State Law Cannot Circumvent Congress’s Scheme for Biologics

In Amgen v. Sandoz, No. 2015-1499, the Federal Circuit affirmed the Northern District of California’s decision that Sandoz had not waived its preemption defense and that the Biologics Price Competition and Innovation Act of 2009 (BPCIA) preempted Amgen’s state law claims against Sandoz’s abbreviated biologics license application (aBLA) for filgrastim (marketed as Neupogen® by Amgen).

The district court held that (1) Sandoz did not waive its preemption defense, and (2) Amgen’s state law claims were preempted by the BPCIA. The Federal Circuit affirmed the district court’s decision on the state law claims, but vacated the district court’s decision on the preemption defense. The Supreme Court then heard the appeal and held that the BPCIA did not allow injunctions and that notice could be given before or after receiving FDA approval for a biologic, reversing and vacating the Federal Circuit’s decision.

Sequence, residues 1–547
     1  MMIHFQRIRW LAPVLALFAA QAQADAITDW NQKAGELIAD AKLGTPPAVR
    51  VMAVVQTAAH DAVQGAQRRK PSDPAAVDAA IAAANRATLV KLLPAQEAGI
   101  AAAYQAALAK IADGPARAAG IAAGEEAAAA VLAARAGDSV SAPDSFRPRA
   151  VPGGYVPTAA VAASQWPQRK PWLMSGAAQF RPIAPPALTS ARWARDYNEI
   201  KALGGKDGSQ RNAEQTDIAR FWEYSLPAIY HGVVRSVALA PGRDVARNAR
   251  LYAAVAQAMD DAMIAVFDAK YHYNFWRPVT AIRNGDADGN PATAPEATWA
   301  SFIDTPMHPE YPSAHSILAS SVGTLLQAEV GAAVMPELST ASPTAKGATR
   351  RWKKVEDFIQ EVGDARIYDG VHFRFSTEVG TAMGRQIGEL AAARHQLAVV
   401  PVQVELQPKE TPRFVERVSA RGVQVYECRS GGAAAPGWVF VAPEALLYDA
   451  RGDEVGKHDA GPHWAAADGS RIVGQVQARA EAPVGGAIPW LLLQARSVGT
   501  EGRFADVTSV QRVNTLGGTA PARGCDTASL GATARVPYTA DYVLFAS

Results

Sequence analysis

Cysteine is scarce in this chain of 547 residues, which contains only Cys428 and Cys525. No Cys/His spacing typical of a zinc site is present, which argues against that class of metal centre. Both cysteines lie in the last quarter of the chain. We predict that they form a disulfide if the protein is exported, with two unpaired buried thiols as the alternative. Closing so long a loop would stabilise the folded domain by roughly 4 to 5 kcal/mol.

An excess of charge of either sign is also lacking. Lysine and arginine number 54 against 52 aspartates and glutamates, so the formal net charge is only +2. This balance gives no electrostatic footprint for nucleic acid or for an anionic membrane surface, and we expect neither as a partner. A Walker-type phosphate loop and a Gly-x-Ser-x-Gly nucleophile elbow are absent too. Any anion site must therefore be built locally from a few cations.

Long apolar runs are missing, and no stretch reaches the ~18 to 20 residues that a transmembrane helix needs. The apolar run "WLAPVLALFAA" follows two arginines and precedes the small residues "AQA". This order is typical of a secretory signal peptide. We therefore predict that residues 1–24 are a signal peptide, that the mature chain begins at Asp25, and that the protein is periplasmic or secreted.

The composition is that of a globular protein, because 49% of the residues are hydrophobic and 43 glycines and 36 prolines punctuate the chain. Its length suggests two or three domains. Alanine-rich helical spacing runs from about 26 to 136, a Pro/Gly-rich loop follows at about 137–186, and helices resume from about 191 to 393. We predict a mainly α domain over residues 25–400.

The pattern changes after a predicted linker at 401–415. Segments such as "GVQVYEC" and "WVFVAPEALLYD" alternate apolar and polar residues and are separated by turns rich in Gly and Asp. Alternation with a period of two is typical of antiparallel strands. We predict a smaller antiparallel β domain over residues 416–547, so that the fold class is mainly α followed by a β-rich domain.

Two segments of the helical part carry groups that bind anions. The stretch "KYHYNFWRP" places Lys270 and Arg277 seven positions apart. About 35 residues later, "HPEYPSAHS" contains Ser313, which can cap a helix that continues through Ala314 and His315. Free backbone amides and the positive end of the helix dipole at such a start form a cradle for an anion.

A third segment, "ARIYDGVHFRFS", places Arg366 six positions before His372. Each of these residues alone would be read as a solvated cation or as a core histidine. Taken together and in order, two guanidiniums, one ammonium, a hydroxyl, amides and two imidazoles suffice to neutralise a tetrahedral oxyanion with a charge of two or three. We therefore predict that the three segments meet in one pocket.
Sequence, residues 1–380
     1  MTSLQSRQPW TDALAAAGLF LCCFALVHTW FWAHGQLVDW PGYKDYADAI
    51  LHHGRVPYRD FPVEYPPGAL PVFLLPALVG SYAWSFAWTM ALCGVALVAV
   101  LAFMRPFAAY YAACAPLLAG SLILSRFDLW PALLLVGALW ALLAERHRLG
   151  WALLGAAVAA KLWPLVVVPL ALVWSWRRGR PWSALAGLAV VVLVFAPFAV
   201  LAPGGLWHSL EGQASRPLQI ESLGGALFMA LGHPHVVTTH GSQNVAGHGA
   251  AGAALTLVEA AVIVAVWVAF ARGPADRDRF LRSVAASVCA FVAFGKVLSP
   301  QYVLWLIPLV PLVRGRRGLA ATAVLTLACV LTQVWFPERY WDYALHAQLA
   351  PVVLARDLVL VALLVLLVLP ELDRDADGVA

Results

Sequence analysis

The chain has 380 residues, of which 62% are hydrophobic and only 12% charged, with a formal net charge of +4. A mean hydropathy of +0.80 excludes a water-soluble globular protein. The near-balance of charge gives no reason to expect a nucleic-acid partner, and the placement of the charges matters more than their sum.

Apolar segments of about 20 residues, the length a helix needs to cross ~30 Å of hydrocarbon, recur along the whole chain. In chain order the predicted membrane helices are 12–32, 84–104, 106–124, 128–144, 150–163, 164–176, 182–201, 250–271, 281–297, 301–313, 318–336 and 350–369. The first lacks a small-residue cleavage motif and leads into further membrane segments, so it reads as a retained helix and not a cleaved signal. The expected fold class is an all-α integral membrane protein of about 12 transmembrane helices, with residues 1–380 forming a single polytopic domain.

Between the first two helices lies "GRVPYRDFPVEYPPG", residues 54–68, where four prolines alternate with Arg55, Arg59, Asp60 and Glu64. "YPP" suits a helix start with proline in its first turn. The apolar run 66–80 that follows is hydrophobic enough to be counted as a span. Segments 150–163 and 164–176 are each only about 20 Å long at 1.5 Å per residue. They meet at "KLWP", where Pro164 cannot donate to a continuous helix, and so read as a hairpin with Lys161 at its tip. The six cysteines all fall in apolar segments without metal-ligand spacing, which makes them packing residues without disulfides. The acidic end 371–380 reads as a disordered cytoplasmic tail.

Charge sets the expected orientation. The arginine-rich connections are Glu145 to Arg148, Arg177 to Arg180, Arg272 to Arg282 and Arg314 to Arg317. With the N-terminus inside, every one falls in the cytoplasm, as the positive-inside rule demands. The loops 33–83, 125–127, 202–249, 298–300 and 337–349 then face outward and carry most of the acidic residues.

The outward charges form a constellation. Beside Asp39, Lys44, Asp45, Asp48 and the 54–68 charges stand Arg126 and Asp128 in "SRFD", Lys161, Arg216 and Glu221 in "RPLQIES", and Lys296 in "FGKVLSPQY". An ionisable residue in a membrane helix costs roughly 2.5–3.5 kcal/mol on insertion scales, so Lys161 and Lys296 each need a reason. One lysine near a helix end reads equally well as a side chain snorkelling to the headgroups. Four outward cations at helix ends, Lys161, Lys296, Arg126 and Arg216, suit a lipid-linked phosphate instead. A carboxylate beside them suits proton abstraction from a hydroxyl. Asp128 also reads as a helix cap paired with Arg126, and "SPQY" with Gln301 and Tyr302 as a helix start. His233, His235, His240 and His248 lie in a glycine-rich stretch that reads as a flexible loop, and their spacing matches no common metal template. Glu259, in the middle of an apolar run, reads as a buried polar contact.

On remand from the Supreme Court, the Federal Circuit affirmed the district court’s decision that Sandoz did not waive the defense because preemption was a matter of public concern, and Sandoz preserved its right to assert a preemption defense in its answer. The Federal Circuit also held that the state law claims were preempted under field preemption because Congress intended to occupy the field of biologic litigation. Further, the state law claims were preempted under conflict preemption because they conflicted with Congress’s “intricate federal scheme” and designated remedies.